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Issue #1673      February 18, 2015

COAG reviews land rights

Indigenous Affairs Minister Nigel Scullion has pointedly identified the Northern Land Council as a target of an “urgent” investigation by the Council of Australian Governments (COAG) into Indigenous land administration and land use.

The investigation was announced in a communiqué at the end of the last COAG meeting in Canberra in October last year:

“... the Commonwealth, the Northern Territory and Queensland will urgently investigate Indigenous land administration and land use to enable traditional owners to readily attract private sector investment and finance to develop their own land with new industries and businesses to provide jobs and economic advancement for Indigenous people.”

The results of the investigation will be reported to the first COAG meeting of this year (a date has not yet been set). The investigation will mean a review of the NT Aboriginal Land Rights Act and the Native Title Act.

“We’ve been tasked with having a review over the impediments to economic development in northern Australia,” Mr Scullion told the ABC late last year.

“As part of that we will look at all the legislation that has an issue.”

Three weeks before the 2013 federal election, Mr Scullion issued a joint news media statement with Tina MacFarlane, the CLP candidate for Lingiari: “The coalition has no plans to change, amend or review the Aboriginal Land Rights Act if we win government.”

Of course, the Coalition did win Government, and Mr Scullion went on to win the Indigenous Affairs Ministry, and a seat at the Cabinet table. NLC deputy chairman John Daly brandished the Scullion/MacFarlane media release during a news conference at the NLC’s last Full Council meeting at South Alligator.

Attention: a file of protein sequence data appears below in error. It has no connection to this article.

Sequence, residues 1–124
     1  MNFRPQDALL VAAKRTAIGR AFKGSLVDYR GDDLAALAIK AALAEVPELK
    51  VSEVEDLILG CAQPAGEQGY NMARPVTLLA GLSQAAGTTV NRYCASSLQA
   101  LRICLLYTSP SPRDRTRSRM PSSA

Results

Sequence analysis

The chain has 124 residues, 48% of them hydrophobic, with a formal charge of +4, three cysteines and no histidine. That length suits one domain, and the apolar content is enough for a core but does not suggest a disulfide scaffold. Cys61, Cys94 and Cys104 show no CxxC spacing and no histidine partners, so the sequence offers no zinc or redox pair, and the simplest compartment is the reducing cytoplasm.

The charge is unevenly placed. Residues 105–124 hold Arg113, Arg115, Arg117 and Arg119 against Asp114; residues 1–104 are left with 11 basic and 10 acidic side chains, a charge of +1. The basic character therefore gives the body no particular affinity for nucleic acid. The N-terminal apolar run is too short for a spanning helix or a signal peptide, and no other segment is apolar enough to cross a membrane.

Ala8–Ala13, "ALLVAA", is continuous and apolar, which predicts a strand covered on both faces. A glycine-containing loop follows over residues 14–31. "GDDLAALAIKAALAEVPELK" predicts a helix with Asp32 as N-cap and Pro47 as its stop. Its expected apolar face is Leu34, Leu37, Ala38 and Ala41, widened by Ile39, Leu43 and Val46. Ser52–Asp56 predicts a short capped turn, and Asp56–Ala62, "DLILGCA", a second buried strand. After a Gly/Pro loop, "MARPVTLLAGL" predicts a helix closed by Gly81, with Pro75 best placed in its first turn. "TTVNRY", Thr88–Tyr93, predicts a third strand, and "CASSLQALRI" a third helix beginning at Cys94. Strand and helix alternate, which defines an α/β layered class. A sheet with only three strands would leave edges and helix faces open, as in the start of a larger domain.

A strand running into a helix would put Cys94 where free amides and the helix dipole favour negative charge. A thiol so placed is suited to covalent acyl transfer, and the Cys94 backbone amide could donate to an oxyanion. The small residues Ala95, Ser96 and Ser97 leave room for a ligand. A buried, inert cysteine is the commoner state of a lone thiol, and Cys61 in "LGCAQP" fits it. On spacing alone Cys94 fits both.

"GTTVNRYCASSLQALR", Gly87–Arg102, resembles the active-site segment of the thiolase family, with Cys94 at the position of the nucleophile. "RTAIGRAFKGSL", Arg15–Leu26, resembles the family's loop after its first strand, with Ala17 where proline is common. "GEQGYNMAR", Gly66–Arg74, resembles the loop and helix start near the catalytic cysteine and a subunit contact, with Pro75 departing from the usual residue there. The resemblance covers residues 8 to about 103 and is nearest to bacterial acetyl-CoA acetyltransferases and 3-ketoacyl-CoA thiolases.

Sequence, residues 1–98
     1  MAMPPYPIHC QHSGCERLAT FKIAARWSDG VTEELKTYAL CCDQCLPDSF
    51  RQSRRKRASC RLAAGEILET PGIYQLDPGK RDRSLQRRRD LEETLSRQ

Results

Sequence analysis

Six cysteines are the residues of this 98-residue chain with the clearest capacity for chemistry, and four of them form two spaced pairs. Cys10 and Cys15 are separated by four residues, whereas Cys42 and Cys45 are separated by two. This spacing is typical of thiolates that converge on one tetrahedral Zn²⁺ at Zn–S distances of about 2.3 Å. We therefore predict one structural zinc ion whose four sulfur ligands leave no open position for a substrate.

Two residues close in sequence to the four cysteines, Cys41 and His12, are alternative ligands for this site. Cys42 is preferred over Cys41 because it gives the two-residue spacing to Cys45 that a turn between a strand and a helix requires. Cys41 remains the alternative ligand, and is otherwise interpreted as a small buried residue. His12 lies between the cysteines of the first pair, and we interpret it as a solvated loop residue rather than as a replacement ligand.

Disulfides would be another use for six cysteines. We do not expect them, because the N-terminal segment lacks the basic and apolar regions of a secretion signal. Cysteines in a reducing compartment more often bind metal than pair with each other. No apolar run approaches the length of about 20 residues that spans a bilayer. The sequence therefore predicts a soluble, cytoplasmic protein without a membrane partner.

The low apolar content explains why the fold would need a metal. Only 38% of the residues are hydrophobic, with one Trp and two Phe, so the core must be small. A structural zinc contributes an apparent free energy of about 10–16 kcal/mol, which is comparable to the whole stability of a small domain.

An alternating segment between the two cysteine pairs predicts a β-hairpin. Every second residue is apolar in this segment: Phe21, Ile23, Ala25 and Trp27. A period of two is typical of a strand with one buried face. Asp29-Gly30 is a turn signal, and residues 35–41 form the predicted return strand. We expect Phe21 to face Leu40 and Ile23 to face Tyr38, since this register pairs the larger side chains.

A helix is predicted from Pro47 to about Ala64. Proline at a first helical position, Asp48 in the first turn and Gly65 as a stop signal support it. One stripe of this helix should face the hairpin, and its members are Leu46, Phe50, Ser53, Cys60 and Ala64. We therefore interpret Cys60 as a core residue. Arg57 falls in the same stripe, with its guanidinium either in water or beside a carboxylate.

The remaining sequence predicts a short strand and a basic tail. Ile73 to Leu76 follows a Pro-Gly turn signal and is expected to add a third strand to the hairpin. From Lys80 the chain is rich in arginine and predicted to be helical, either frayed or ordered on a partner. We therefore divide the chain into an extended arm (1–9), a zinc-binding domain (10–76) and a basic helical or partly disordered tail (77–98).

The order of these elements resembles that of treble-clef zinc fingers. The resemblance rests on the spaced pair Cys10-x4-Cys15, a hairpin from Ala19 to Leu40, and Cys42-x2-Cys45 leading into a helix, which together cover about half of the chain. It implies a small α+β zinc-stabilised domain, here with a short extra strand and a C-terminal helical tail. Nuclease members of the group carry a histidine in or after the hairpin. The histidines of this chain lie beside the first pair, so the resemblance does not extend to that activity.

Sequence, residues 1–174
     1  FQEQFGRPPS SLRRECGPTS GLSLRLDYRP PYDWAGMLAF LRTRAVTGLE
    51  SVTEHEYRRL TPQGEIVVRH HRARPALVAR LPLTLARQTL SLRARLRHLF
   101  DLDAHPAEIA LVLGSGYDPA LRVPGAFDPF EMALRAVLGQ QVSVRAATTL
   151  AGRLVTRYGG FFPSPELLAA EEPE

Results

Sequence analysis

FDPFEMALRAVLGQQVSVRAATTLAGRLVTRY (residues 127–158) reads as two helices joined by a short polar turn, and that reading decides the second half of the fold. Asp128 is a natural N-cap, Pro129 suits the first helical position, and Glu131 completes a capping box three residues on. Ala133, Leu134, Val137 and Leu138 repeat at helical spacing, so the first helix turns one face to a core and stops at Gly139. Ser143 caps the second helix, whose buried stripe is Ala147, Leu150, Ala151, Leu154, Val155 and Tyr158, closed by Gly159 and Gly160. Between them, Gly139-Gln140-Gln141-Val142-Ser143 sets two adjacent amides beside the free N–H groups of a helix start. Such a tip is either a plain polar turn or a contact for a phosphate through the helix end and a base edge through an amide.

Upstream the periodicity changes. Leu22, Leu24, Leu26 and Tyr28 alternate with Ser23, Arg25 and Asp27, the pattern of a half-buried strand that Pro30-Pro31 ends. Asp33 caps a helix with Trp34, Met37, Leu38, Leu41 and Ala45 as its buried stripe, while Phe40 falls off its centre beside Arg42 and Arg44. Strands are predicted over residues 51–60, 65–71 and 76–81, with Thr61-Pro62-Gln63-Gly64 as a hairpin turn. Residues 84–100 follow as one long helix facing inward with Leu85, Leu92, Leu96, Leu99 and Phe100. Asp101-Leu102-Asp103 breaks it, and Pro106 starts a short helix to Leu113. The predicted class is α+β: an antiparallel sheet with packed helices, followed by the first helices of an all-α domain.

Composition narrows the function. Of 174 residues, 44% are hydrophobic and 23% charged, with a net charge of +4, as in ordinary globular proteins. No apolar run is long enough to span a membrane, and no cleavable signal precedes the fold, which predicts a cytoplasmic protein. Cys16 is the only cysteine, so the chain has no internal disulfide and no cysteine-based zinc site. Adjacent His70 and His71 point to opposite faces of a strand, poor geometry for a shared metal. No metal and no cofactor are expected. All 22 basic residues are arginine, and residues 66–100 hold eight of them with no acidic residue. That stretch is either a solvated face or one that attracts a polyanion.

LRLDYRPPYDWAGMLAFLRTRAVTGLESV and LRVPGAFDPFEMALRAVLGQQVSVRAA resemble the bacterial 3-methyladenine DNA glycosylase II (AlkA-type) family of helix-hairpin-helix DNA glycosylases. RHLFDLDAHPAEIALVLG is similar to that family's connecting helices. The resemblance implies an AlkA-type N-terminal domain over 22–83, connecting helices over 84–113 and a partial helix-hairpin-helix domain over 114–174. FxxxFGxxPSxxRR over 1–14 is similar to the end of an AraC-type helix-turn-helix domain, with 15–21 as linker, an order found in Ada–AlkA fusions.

“Prior to him getting in as the Minister, this here says he wasn’t going to do any review of anything like that without the consent of Traditional Owners and the Land Council,” Mr Daly told reporters. “And this is just another broken promise of this government.”

But Mr Scullion has rejected that charge.

He was scheduled to attend the Full Council meeting, but, at the last minute, sent through a message that he would not be there. He later told the ABC: “First of all, I’ve broken no promise at all and I’ve made it very clear: not only I have no intention, I am not going to support any changes to the Aboriginal Land Rights Act, unless the land councils request it.

“That was the statement I made before the election and that’s the statement I stand with now.”

Further in his interview with the ABC, Mr Scullion made it plain that the operations of the NLC would be very much a focus of the COAG review.

“In terms of the Aboriginal Land Rights Act, in my view the only issue that’s a problem is the actual operation of the Act and I think the land councils have got every right to be a bit nervous, particularly the Northern Land Council,” he said.

Land Rights News (Northern Edition)

Next article – For the full exercise of human rights

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